- Bohm, B & Rieder, R & Tintner, G, 1980. "A System of Demand Equations for Austria," Empirical Economics, Springer, vol. 5(2), pages 129-42.
- McGuirk, Anya M. & Driscoll, Paul J. & Alwang, Jeffrey Roger & Huang, Huilin, 1995. "System Misspecification Testing And Structural Change In The Demand For Meats," Journal of Agricultural and Resource Economics, Western Agricultural Economics Association, vol. 20(01), July.
- Moschini, GianCarlo & Meilke, Karl D., 1989.
"Modeling the Pattern of Structural Change in U.S. Meat Demand,"
Staff General Research Papers Archive
11266, Iowa State University, Department of Economics.
- Giancarlo Moschini & Karl D. Meilke, 1989. "Modeling the Pattern of Structural Change in U.S. Meat Demand," American Journal of Agricultural Economics, Agricultural and Applied Economics Association, vol. 71(2), pages 253-261.
- Jeffrey LaFrance, 2008.
"The Structure of US Food Demand,"
2008-10, School of Economic Sciences, Washington State University.
- Mountain, Dean C, 1988. "The Rotterdam Model: An Approximation in Variable Space," Econometrica, Econometric Society, vol. 56(2), pages 477-84, March.
- Nouhoun Coulibaly & B. Wade Brorsen, 1999. "Explaining the differences between two previous meat generic advertising studies," Agribusiness, John Wiley & Sons, Ltd., vol. 15(4), pages 501-515.
- Eales, James S. & Hyde, Jeffrey & Schrader, Lee F., 1998. "A Note On Dealing With Poultry In Demand Analysis," Journal of Agricultural and Resource Economics, Western Agricultural Economics Association, vol. 23(02), December.
- Nicholas E. Piggott & James A. Chalfant & Julian M. Alston & Garry R. Griffith, 1996. "Demand Response to Advertising in the Australian Meat Industry," American Journal of Agricultural Economics, Agricultural and Applied Economics Association, vol. 78(2), pages 268-279.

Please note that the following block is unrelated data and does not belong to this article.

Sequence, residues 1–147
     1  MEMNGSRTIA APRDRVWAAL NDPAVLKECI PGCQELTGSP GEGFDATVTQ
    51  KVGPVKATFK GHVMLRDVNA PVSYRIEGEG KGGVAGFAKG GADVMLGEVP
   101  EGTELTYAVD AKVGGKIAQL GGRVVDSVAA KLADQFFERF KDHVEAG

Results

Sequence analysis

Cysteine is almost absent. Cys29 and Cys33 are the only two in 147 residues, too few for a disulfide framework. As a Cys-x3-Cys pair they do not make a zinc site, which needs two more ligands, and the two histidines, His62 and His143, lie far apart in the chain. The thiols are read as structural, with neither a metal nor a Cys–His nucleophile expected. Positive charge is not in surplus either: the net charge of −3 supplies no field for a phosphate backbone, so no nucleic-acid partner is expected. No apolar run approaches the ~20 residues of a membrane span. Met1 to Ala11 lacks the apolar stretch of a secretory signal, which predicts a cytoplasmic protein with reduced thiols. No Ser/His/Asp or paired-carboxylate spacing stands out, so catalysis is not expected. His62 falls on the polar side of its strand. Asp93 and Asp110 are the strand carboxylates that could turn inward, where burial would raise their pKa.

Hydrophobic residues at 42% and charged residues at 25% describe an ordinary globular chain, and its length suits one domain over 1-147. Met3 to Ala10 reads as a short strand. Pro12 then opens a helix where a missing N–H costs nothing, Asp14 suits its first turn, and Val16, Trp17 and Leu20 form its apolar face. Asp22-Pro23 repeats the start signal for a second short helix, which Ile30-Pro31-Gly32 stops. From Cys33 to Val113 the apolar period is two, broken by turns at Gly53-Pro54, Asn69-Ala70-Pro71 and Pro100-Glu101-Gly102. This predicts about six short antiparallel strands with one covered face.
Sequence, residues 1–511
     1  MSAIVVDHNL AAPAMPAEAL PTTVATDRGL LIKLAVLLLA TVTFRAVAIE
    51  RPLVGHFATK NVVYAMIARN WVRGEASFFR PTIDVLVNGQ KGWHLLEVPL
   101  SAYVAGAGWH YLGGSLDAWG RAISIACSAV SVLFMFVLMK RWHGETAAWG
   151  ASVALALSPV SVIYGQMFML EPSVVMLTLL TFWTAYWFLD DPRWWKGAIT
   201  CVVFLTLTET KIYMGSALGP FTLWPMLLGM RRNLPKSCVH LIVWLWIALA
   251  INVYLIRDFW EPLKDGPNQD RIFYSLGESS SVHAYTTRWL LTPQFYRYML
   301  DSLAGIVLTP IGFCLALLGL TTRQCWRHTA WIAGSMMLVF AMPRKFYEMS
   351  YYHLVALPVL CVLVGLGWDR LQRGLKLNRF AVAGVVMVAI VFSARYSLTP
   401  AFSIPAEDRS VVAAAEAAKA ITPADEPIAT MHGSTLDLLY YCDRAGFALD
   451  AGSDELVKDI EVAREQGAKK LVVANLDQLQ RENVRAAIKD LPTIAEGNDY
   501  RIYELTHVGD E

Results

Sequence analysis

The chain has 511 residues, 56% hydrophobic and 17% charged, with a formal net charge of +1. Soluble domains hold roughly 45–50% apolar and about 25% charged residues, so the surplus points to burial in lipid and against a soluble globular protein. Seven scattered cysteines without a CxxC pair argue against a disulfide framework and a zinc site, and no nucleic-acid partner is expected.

- Deaton,Angus & Muellbauer,John, 1980. "Economics and Consumer Behavior," Cambridge Books, Cambridge University Press, number 9780521296762, November.
When requesting a correction, please mention this item's handle: RePEc:ags:aare01:125781. See general information about how to correct material in RePEc.
For technical questions regarding this item, or to correct its authors, title, abstract, bibliographic or download information, contact: (AgEcon Search)
If you have authored this item and are not yet registered with RePEc, we encourage you to do it here. This allows to link your profile to this item. It also allows you to accept potential citations to this item that we are uncertain about.
If references are entirely missing, you can add them using this form.
If the full references list an item that is present in RePEc, but the system did not link to it, you can help with this form.
If you know of missing items citing this one, you can help us creating those links by adding the relevant references in the same way as above, for each refering item. If you are a registered author of this item, you may also want to check the "citations" tab in your profile, as there may be some citations waiting for confirmation.
Please note that corrections may take a couple of weeks to filter through the various RePEc services.